They don't mean the same thing. Heart-pounding by itself refers to the reader's experience. In that instance, ride through the underground explains setting. Written together, the heart-pounding is that of the characters on their ride.
I gave up reviewing one particular author because his publisher purported to quote me but actually removed all my qualifiers that indicated my reading experience was iffy. They made it sound like a golden read. A few of the required-but-not-included ellipses would have made their "quote" selections more realistic.
Exactly. What they did was dishonest.
I know this discussion has died down but I couldn't help but jump in. I’ve always assumed, perhaps wrongly, that those ellipses are for real and that true omissions have been made—for better or worse. That assumption grows out of personal experience. I was the victim of a blurb and the ellipses!

It was our habit on our Law Review board at our school to write our rejection letters with a small bit of friendly soft-soap wording at the beginning. Thus, our letters included: “although we find your article comprehensive and well-written, we find that we are not able to publish it at this time.” We might then explain our reasons for rejecting the article. For over a year, I was the person signing those letters.

My final quarter in law school, while I was engrossed with studying for the bar exam, I began to get phone calls from newspaper reporters, congressmen, and even someone from the FBI. It seems that someone who had submitted an article to the law review at some point under my watch (probably a fairly innocuous piece) went on to write a book. The author was the leader of one of, if not the, most notorious Arian supremist, anti-government, anti-everything groups of the time. The FBI considered the group and its leader highly dangerous. The book had been distributed (for free) to every member of Congress and every member of every state legislature. Moreover, right there on the back, in the top blurb position, it said, “ . . . comprehensive and well-written . . .” with my name, the name of our law review, and the name of our school!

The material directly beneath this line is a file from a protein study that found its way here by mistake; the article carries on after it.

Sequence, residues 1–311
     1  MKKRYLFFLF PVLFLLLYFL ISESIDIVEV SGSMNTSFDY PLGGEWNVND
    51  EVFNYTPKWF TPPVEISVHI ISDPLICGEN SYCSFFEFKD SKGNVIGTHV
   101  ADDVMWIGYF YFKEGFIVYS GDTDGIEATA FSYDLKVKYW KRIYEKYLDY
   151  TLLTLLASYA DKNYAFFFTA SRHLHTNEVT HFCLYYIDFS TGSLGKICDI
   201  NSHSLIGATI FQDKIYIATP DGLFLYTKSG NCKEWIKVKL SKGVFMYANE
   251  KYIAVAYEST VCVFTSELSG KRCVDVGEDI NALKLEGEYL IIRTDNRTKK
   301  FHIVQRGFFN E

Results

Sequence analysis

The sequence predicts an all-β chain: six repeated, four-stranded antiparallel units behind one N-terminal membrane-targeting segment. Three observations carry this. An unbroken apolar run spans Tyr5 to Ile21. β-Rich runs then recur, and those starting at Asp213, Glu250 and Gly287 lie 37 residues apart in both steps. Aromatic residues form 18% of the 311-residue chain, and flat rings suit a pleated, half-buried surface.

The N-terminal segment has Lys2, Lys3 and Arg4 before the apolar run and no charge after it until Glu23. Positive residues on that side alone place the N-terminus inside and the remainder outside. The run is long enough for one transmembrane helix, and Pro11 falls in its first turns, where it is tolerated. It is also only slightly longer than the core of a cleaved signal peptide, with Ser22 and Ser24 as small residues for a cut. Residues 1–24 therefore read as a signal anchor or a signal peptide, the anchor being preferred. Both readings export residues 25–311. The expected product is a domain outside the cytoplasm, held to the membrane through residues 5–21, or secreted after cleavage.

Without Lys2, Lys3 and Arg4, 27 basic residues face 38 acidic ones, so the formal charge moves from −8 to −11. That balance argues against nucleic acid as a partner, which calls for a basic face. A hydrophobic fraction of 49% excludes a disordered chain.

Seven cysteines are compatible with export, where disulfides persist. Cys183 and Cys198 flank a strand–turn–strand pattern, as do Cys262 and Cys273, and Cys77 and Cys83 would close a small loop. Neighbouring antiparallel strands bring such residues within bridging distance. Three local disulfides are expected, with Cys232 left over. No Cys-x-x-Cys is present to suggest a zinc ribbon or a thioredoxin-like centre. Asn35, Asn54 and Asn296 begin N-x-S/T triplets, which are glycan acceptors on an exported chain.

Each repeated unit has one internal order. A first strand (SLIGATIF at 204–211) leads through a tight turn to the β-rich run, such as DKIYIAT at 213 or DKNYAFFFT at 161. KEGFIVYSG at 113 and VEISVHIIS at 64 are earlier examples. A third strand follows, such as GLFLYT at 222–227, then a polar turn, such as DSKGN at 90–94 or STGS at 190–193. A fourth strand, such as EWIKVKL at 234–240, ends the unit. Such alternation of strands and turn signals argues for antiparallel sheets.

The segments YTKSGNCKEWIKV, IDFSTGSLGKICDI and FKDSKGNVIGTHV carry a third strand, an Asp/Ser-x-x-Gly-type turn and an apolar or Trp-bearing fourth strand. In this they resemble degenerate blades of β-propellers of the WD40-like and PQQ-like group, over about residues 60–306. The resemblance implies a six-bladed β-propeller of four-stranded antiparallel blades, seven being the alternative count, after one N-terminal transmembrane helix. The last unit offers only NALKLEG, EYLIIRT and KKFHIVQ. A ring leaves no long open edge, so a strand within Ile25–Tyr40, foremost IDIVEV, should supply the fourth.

I learned about this in a phone call from a national reporter out of California. Needless to say, I found studying very difficult! He Fed-Ex’d me a copy of the book, and when I read all the vile, ugly things that I had “endorsed” I was frightened as well.

I immediately had to call the state appellate judge that I was to go to work for and warn her about the potential bad press, as well as the firm I was working for in the interim. The university hired a law firm to represent the law school and me. Within a month, our congressman and representative read into the Congressional Record and the state legislative record that, indeed, I did not endorse the book.

Through all the distraction, I managed to keep on studying, and passed the bar, even with that bizarre distraction. Immediately, the law review’s standard language was changed; no stock language has been used since.

As you might imagine, I maintain a copy of that statement read to Congress—just in case I ever decide to run for public office or something. You just know that someone will find and drag book out of the closet!

And that is my story of a blurb and ellipses!
Surely there is recourse to that sort of misrepresentation!? In any case, the publicity machine must be made to print and publish retractions.
Umm, it sounds as though the publisher is responsible in this case.